When one thinks about Ireland, St. Patrick’s Day and shamrocks typically come to mind. However, there is so much more to the beautiful green country than what meets the eye! Here are some of the best facts about the land of the Irish:
The spooky American holiday, Halloween, is derived from the Gaelic festival of Samhain, a harvest festival held on October 31st to mark the end of summer. The Celtics saw Samhain as the time when our realm and the spirit world were most connected to each other. Samhain became associated with All Saints Day (November 1st), and Halloween is still known as the day when the spirit world crosses over into our world.
St. Patrick wasn’t actually Irish! St. Patrick, the patron saint of Ireland, was the son of Romans living in Britain. Legend has it, he was kidnapped and taken as a slave to the Emerald Isle where he helped herd sheep.
Only 9% of the Irish population are natural redheads. Scotland holds the largest concentration of redheads – 19% of the world’s population to be exact.
A perfect pint of Guinness takes 119.5 seconds to pour. It doesn’t stop there, the perfect pint is done in 2 shifts to let the stout settle. After a pause, long enough so the Guinness in the glass is a perfect black, the rest of the pint is poured. The perfect pint should have a creamy head and should be served at exactly 42.8F degrees.
Ireland is a snake-free island. The popular myth says that St. Patrick cleared the Emerald Isle of snakes; however, that’s completely untrue since snakes never slithered into Ireland in the first place. According to researchers, the last time Ireland had snakes was probably millions of years ago. However, the Ice Age killed all of the snakes, and by the time the ice melted Ireland was separated from other countries that still had the creepy serpents. Snakes never coexisted with humans in Ireland’s history.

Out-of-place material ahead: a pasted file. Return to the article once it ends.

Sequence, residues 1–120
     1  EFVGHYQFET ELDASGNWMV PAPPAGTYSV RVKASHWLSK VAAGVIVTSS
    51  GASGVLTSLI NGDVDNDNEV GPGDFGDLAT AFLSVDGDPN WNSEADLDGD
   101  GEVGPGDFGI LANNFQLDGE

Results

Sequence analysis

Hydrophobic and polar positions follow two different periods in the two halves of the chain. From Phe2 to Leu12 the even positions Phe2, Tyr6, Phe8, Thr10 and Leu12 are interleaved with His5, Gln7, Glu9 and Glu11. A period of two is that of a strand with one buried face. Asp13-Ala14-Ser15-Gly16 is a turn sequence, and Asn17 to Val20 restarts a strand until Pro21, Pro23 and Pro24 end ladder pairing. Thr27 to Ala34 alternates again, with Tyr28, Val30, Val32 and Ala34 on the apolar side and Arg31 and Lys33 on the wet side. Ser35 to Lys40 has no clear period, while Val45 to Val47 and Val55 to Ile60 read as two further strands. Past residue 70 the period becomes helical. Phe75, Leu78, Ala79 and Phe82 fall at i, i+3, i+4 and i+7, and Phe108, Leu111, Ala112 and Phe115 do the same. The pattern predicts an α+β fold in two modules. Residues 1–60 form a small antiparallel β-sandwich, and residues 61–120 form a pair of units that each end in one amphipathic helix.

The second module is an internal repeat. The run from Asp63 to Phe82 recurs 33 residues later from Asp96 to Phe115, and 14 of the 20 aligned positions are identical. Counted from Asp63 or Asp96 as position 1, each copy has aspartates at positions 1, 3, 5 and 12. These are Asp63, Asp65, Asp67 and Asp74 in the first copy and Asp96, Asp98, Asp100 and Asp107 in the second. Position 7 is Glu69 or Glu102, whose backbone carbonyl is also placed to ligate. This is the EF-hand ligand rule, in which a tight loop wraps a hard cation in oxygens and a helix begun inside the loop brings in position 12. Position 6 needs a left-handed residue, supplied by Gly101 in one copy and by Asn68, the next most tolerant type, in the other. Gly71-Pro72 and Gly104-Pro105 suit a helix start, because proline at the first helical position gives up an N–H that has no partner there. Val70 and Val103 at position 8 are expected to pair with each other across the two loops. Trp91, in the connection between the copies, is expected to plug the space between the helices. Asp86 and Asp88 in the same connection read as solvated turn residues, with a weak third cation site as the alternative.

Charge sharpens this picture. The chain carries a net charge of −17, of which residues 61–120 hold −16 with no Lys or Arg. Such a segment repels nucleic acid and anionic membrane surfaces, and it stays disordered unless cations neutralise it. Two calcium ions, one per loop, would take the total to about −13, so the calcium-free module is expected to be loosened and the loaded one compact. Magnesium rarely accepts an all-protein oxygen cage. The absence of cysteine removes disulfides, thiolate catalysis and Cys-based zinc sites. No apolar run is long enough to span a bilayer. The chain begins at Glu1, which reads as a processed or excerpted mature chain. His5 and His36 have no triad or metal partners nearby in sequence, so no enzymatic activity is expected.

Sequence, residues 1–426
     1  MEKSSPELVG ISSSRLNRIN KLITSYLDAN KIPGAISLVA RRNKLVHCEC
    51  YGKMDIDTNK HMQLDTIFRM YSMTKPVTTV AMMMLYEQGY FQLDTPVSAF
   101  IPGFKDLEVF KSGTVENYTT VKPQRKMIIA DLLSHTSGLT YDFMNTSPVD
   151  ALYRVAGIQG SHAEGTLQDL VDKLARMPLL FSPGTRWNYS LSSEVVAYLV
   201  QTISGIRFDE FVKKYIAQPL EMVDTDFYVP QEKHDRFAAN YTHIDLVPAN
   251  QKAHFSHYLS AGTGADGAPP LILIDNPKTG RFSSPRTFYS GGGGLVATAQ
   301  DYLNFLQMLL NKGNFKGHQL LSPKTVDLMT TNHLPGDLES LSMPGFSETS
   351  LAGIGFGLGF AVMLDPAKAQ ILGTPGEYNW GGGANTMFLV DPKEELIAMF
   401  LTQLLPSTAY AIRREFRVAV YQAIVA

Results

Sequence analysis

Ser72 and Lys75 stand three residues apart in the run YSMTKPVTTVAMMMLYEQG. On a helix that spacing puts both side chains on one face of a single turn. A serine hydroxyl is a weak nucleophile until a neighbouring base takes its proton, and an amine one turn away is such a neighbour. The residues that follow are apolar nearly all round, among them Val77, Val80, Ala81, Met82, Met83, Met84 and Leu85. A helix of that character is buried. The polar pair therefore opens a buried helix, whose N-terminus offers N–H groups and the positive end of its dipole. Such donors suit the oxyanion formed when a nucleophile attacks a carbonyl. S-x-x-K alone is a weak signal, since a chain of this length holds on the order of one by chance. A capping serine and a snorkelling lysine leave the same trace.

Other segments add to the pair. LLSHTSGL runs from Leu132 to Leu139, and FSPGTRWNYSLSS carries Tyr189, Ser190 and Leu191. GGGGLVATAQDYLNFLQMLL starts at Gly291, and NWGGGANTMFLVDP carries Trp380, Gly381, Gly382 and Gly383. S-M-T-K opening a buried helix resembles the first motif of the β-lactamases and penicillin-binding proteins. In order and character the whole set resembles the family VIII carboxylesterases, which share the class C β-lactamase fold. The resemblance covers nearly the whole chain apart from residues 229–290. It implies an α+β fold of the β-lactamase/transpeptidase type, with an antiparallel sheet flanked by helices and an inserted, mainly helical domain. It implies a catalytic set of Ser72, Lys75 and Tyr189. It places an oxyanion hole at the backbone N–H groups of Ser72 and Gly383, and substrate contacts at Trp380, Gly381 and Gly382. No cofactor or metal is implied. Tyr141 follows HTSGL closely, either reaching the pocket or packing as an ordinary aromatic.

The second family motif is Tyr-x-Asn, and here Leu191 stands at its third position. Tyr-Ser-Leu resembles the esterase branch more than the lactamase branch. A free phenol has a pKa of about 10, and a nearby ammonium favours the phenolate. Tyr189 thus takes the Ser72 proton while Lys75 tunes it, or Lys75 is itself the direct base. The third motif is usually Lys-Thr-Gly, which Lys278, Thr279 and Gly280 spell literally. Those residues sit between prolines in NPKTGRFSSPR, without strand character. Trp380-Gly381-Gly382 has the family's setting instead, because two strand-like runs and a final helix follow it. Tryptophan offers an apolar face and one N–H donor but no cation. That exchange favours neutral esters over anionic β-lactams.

There are more Irish people living outside of Ireland than inside.
Cats were vital workers in the old Jameson Whiskey distillery in Dublin! Cats were used in the old distillery to keep the rats away from the barley warehouse.
The ancestral language in Ireland is Irish Gaelic. Nowadays over a million Irish people could speak Gaelic; however, only about 77,000 fluently speak the language on an everyday basis. As one may have noticed, many Irish family names start with “Mac” or “O'”. In Gaelic this means respectively “son of …” and “grandson of …”.
There are more mobile phones in Ireland than there are people.
The Irish may have discovered America first. Some say Christopher Columbus, others say Vikings or the Chinese, but there’s another legend that Irishmen were the first to sail to America. According to one legend, an Irish monk called St. Brendan set out on an expedition to find paradise and after seven years discovered an island that was so large that even after forty days they could not reach the other end of the island. The monks returned home with the news. This voyage is recorded back to the 6th century – much earlier than many of the other first discoveries of America.